I am originally from El Salvador, a small but beautiful country in Central America. At the age of five, my parents migrated to the United States of America and started a life in Silver Spring, Maryland. Four years later, when I was nine years of age, my parents had saved enough money to send for my older sister and I to journey into the US crossing by land, three different borders (Guatemala, Mexico, USA). We traveled with a relative who kinda sorta knew the way, but met a stranger in our path who was also traveling in our same direction, who for sure knew how to get us here, so we stuck with him until we made it to Texas after one month on the road and finally reunited with our family days later. I come from a very poor upbringing, where many times my older sister and I, on a good day, had to share one egg because that’s all my parents could afford. My dad served as an army man in El Salvador and took leave when he met my mother during one of his deployments in San Miguel city which is 4 hours away from his hometown Piedras Blancas in La Union. My mother was a food street vendor because it was the only way she knew to survive after her mother passed away, leaving her with no option but to live with her father, stepmother and seven stepbrothers and sisters. My mom’s story is similar to Cinderella’s until she met my dad, “Prince Charming”, but that’s a different story that can be told another day. The reason why my parent’s story is important to highlight goes back to why I became the person that I am now.
After arriving in Maryland, my sister and I were immediately enrolled in school and began to adapt and embrace our new life. I would go to school on the weekdays and help my mom out with her food business on the weekends. I was taught to work hard for what we wanted and appreciate what we had. So since the age of 9 until the age of 15, I would wake up at 4:00AM on Saturdays and Sundays to help with the food prep. Once all the food was cooked and ready to be sold, we would load up a shopping cart that I would push down the street with my mom while she knocked on apartment doors to sell the many dishes she had worked so hard to cook. Time went by, and as I got older our business grew and we would cook enough food so that my mom would go to one neighborhood, and I would go to a different one, carrying at first, a large silver pot full of tamales on my shoulders, and then upgrading to a thermos cooler with a handle that made it easier for me to go out and sell.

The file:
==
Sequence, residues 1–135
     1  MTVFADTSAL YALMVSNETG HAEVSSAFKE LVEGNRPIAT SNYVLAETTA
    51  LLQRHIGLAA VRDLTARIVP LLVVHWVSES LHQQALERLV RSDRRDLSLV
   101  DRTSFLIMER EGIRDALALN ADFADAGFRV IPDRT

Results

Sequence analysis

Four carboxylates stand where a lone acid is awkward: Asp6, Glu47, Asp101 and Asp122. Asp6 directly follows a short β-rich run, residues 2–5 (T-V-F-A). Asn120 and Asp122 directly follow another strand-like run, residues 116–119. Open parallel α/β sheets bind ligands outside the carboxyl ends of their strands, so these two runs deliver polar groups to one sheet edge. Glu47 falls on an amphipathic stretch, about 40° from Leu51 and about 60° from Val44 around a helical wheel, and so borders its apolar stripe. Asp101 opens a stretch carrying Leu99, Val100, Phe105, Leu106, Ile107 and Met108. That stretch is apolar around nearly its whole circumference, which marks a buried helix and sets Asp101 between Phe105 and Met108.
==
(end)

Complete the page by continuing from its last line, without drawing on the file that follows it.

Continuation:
For a long time, I was known by many in the area as the “Tamale boy”. I felt proud of what I was doing and didn’t mind at all, that kids would bully or make fun of me for doing what I was doing to help my mom support the family because my dad was in and out of jobs, dealing with alcoholism problems and his own personal demons. At 15, our life took a different turn. By then, my mom was fed up with the marriage and how toxic the relationship had turned between her and my dad that she wanted a way out. I on the other hand, was struggling to feel at home and decided that I wanted to go back to El Salvador and live with my grandmother to get away from my parent’s problems. Initially, my mom objected but then realized that it would be an opportunity for her to leave my father and start a new life back home with all her life savings. We packed our things and left the USA to embark on a new journey in the country that gave birth to us.
Long story short, I spent three years of my life with my grandmother back home and during this time, I became an adult. I fell in love for the first time and had my heartbroken, I rebelled like many teenagers do at that age and thought I knew everything there was to know about life… Boy was I wrong. It’s the year 2000, I am now 17 years old and after getting my heart broken and making so many new friends, I began to lose them to the wave of migration into the USA that swept my hometown and left me feeling alone. By then, my mom had already left the country and migrated back into the US, so I decided that I would come back and reunite with her and my two younger siblings. Once again, I ventured out, crossed all three borders and made it into the states. I reunited with my family in Houston, Texas and began to work as a busboy in a Mexican Restaurant to help my mom with the bills. I lived with my mom for only six months and at the age of 18, I decided that I wanted to be independent so I left the household and moved to NYC with $500 in my wallet and a pocket full of dreams. Here is where my professional story begins.